About the Project
Princeton University, founded as the College of New Jersey in 1746, exemplifies the central paradox of American history. From the start, liberty and slavery were intertwined. The Princeton & Slavery Project investigates the University’s involvement with the institution of slavery and ongoing legacies of institutional racism. We invite you to explore the many stories and sources included here and to contact us with research, stories, and ideas of your own.
News & Events
Princeton University, 3/29/21
In September 2020, the Trustees of Princeton University convened the Ad Hoc Committee on Principles to Govern Renaming and Changes to Campus Iconography.
Journal of American History, December 2020
"Of all the available examples, the Princeton & Slavery web site offers far and away the most well-developed and best organized of these digital treatments."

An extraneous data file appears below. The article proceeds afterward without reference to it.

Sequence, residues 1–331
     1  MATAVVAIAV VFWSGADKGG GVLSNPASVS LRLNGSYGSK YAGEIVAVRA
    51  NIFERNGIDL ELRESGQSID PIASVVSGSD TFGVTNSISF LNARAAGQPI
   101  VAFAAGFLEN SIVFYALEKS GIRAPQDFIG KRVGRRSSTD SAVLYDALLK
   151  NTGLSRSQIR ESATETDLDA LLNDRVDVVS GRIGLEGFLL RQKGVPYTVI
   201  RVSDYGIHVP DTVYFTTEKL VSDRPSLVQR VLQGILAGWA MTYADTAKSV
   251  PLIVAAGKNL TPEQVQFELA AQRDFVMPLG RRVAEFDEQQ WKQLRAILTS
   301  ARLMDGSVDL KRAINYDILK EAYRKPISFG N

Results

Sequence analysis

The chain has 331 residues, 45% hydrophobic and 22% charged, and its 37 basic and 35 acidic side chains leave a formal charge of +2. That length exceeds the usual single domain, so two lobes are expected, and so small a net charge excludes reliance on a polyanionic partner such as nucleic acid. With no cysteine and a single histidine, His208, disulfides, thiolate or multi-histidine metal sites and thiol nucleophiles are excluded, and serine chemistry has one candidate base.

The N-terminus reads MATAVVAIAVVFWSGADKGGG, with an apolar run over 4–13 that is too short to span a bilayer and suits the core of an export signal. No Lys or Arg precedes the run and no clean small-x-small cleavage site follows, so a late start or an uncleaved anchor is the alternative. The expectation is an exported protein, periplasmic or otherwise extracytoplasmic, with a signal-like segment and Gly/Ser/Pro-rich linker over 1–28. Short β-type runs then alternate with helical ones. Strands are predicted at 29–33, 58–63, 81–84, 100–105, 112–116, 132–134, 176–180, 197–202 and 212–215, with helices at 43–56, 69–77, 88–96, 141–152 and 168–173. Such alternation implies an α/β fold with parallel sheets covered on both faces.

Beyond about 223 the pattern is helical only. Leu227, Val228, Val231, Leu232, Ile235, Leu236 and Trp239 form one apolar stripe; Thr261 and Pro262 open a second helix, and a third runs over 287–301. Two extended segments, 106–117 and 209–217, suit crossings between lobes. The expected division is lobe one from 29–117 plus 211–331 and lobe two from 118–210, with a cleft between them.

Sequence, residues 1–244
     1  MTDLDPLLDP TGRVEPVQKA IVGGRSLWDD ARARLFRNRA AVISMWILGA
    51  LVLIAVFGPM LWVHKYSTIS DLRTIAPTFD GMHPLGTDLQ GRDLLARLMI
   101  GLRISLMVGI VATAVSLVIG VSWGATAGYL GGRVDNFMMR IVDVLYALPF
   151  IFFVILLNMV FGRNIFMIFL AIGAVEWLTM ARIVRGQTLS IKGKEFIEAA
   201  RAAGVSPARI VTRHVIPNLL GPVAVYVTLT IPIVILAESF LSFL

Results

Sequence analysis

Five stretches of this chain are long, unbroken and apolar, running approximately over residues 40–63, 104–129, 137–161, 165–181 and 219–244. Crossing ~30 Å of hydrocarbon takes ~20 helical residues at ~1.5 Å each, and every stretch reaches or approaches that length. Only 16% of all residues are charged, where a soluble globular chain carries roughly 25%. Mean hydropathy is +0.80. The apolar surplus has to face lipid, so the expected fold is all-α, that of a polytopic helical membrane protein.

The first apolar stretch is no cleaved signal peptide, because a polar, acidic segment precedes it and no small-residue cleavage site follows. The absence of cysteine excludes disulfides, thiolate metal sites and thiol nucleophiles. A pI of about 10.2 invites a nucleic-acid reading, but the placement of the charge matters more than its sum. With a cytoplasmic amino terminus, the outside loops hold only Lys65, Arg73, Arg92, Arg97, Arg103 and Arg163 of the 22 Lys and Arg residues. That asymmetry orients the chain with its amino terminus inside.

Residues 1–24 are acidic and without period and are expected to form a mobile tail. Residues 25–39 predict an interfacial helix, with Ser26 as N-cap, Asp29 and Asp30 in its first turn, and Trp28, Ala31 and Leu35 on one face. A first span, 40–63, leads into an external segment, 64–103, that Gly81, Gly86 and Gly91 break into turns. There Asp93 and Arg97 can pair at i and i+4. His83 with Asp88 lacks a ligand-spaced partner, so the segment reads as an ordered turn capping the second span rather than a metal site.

The New York Times, 11/6/17
Princeton University has a long history connected to slavery, which has remained hidden until now.
The KKK and Princeton's 1955 Emmett Till Petition
When three Princeton students organized a petition protesting the acquittal of Emmett Till’s murderers in 1955, classmates dressed in KKK robes threatened their lives. Though the campus newspaper and Princeton administration characterized the incident as a “prank,” the event revealed deep divisions on campus over issues of racial justice.
Joseph Henry and Sam Parker
Joseph Henry spent fourteen years at the College of New Jersey, serving as Chair of Natural History between 1832 and 1846. Sam Parker, his assistant, was a free black man.
The Princeton & Slavery Plays, Part III: Elizabeth
Interviews and clips from "Elizabeth," by Dipika Guha, which premiered at the McCarter Theatre in November 2017 as part of the Princeton & Slavery Project Symposium.
Estate Inventory of John Maclean Sr.
Inventory from the estate of John Maclean Sr., listing two slaves, a "Negro Girl Sal" and "Negro Boy Charles."